First word art and last word art I think are similar to the hype cycle with a few differences. To me art doesn’t necessarily have to have a purpose, or a problem to fix, while design/technology usually comes to existence to fix things, or make it better. Technology provides with tools for art to express more. After all Beethoven’s 5th is possible because the instruments existed, and the instruments existed because the tools existed. So the comparison is not quite right. We can maybe compare the invention of piano/first uses by someone, and a virtuoso playing it later on in the future, but I think simply comparing tools with musical pieces, or artworks, which are the end results and products of the tools is an inaccurate comparison.

Personally, I’m more interested in the tools, the enablers. Although I love music, and musicking, I’m more interested in creating the tools, and mediums for the very music I make and like. I think musicians are like tech consumers in many ways. Some love experimenting, they’re open for new tools and sounds, and they adopt new instruments and tools really quickly. While others feel responsible for providing the same type of music to their audiences supporting them for years. They’re not as open, but they do evolve. They get better tools, they use the technology more, even if it’s to achieve similar results, they do “upgrade” by time. They wait longer, till the technology is stable, and reliable for them to use on stage, with their eyes closed.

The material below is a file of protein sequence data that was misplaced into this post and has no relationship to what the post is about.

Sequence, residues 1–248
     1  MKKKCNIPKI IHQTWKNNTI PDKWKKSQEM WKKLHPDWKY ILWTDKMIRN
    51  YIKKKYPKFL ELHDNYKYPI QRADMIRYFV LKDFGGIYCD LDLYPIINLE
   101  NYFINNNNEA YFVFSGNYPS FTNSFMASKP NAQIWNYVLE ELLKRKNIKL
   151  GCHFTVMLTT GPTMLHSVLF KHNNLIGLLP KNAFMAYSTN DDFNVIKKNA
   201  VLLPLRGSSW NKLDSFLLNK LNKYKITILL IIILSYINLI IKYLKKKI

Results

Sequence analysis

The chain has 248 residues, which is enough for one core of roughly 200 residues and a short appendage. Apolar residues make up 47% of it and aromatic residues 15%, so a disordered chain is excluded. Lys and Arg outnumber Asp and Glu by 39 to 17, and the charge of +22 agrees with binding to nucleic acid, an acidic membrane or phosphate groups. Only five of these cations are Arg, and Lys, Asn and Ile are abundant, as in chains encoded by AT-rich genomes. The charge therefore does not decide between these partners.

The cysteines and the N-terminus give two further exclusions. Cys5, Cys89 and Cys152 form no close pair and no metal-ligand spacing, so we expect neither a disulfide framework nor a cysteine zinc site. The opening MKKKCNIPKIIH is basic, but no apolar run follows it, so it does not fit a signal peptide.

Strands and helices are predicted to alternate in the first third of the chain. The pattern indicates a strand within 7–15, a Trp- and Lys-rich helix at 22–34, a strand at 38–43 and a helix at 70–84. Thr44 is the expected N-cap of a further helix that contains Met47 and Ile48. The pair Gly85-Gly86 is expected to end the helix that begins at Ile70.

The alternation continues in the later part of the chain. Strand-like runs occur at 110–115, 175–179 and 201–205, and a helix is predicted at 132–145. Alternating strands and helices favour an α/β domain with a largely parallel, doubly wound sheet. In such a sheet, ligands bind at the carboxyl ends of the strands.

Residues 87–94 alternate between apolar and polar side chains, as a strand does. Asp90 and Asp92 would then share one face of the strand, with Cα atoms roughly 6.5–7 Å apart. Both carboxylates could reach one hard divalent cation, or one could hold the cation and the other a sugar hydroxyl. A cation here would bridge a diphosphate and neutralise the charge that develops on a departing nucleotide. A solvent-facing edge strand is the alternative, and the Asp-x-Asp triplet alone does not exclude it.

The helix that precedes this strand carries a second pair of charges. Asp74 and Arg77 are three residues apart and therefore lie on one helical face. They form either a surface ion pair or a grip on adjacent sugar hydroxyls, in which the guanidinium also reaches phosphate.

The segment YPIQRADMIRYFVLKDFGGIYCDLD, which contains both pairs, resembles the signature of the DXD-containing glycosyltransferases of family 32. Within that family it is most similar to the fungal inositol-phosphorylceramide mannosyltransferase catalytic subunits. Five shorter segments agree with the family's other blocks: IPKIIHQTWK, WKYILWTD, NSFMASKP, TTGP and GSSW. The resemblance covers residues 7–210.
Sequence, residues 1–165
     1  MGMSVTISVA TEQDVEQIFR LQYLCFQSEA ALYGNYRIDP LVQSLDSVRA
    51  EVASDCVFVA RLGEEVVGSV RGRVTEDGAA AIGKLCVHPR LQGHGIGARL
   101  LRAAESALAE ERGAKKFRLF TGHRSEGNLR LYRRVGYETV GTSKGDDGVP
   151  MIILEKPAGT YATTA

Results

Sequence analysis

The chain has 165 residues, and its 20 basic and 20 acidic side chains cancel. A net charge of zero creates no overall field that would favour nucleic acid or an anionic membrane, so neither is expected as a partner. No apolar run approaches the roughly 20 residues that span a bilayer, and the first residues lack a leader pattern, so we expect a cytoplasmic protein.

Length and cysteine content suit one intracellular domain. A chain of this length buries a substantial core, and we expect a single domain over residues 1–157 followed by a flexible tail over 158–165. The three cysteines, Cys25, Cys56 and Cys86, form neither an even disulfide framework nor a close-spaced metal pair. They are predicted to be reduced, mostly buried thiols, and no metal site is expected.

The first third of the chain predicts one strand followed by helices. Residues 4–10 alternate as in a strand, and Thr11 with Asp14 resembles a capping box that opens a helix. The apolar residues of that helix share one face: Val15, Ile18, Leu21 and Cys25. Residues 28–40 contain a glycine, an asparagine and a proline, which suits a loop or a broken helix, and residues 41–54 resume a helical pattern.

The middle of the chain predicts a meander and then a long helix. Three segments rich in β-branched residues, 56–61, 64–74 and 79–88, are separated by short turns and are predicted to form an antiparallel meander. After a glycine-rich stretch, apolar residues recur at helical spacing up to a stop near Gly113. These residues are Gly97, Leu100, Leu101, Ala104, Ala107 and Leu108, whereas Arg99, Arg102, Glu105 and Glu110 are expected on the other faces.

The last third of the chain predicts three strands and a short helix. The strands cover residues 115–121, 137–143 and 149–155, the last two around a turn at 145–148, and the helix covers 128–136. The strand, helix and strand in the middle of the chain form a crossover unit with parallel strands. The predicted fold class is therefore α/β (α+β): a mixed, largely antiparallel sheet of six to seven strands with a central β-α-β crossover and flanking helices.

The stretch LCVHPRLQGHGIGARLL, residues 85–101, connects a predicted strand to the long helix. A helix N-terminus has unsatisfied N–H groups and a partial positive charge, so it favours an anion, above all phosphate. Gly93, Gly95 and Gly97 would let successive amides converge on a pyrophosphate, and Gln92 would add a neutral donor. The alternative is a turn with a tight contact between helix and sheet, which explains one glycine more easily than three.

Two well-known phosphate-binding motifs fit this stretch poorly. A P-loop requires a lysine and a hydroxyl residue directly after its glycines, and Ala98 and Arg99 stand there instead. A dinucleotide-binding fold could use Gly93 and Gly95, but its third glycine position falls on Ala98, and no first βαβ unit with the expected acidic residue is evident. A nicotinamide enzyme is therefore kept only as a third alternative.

I think as a creative Schulze prefers working with more established technologies, as they’re widely adopted, and integrated into people’s conversations so deeply, that they forgot it doesn’t exist yet. (or about to forget) – I think it would have been much more harder for Schulze to aim to start these conversations from scratch. To me it makes sense that he’s more interested in the “Trough of Disillusionment”, because I think with all it’s complexity, technology takes time to adopt, for less tech-savvy people, and looking at Schulze’s work, I think the target is not the super tech-savvy people. It’s more like the technology for less tech-savvy people. Or technology that everyone -not just techy people- can use.


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